Making music together promotes feelings of connectedness.



Cameos acronym from: Wanda B. Lathom-Radocy "Pediatric Music Therapy", Charles C. Thomas Publisher Ltd., Springfield / Illinois (USA), 2002.

Tanz und Bewegung

Dance / Movement

Through my 20 years of dance training (ballet, jazz dance, street dance, ethnic dances and expressive dance) I always feel inspired to incorporate dance / movement elements into my music therapy work.

Our society has become incredibly sedentary. On the one hand, people basically move too little - which is of course detrimental to their health. On the other hand, they have become so detached from their physicality that they are usually no longer able to move without shame or feelings of indisposition. What a pity!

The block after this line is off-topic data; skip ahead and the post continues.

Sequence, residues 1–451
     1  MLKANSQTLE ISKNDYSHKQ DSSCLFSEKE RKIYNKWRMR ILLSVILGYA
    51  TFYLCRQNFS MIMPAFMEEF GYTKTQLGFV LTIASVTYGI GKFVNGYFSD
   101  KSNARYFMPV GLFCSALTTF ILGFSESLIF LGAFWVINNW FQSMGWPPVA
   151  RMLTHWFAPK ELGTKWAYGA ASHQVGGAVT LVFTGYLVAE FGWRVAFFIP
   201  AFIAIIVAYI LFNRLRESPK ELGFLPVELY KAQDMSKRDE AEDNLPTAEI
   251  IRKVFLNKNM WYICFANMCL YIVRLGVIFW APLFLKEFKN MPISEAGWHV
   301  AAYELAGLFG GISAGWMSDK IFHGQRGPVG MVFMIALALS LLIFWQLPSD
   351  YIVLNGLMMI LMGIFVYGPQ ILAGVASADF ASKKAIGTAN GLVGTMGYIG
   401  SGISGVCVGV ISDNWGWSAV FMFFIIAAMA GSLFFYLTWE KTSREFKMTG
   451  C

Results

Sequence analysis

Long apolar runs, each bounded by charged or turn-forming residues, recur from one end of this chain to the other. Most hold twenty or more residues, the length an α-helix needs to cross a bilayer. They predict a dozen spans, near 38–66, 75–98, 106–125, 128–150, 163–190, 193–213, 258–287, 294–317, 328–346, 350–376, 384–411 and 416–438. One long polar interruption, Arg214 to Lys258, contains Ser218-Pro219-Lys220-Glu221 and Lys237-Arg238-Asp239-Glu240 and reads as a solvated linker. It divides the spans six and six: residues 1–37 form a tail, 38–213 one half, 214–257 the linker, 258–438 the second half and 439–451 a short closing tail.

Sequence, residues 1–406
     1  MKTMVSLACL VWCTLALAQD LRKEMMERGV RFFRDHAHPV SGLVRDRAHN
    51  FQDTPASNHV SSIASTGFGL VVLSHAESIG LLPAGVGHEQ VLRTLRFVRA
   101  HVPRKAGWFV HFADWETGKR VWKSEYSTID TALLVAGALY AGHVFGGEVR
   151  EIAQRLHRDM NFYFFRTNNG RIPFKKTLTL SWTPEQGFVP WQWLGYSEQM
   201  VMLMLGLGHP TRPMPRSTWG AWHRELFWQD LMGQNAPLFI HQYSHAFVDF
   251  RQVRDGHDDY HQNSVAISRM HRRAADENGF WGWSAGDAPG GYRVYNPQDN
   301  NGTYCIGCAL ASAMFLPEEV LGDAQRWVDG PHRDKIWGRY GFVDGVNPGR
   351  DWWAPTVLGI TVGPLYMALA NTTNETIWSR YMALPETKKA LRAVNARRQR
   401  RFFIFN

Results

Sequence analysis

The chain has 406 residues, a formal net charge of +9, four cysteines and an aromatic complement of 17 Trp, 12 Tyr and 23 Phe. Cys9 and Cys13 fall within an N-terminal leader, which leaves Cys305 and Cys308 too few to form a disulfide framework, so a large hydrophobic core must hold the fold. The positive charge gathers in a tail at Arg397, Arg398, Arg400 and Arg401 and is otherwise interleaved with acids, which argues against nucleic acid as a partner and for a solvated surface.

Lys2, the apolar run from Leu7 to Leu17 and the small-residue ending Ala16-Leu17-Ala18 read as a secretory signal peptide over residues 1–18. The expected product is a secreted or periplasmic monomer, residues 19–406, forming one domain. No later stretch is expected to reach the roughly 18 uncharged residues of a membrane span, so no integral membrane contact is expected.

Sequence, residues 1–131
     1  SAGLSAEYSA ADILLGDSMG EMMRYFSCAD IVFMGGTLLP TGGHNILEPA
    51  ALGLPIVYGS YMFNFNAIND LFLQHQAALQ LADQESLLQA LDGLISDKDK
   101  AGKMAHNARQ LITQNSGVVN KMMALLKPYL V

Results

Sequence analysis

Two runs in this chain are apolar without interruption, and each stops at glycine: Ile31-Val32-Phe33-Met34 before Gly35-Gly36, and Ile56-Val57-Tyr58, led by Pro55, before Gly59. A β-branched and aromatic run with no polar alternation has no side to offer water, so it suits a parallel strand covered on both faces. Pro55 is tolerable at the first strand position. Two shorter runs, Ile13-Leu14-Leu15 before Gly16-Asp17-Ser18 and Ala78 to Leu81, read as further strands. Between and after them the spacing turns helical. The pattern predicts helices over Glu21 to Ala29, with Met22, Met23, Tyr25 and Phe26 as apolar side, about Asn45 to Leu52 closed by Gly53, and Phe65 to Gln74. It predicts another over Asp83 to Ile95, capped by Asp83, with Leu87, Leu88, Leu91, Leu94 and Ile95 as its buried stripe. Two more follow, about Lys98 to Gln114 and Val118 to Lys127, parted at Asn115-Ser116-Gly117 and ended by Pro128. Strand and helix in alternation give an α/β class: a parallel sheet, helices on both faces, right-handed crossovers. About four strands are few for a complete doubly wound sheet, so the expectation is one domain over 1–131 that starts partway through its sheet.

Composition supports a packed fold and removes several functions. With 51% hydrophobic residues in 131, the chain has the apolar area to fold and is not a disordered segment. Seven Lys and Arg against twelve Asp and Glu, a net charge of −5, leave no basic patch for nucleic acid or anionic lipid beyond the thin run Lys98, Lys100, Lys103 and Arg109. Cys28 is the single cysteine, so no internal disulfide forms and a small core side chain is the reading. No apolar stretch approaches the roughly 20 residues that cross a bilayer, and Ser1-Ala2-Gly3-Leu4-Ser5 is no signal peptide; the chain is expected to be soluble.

Body-oriented therapies, such as body psychotherapy, body-oriented trauma therapy and precisely artistic therapies, according to which body and psyche form an inseparable unit, have gained in importance thanks to the neuroscientific research results of the last 20 years, obtained by means of imaging techniques. Our body stores life experiences (building up and breaking down certain neurological networks), and only by involving the body can these be processed.

The use of movement and dance can have various indications: from the creative exploration of one's own (living) space to trauma processing to the recovery of normal movement in the case of a neurological illness. Only the moving person can get his or her own life moving again. For this - as in music therapy in general - no previous artistical knowledge is needed, because a human being naturally already has all the basic prerequisites.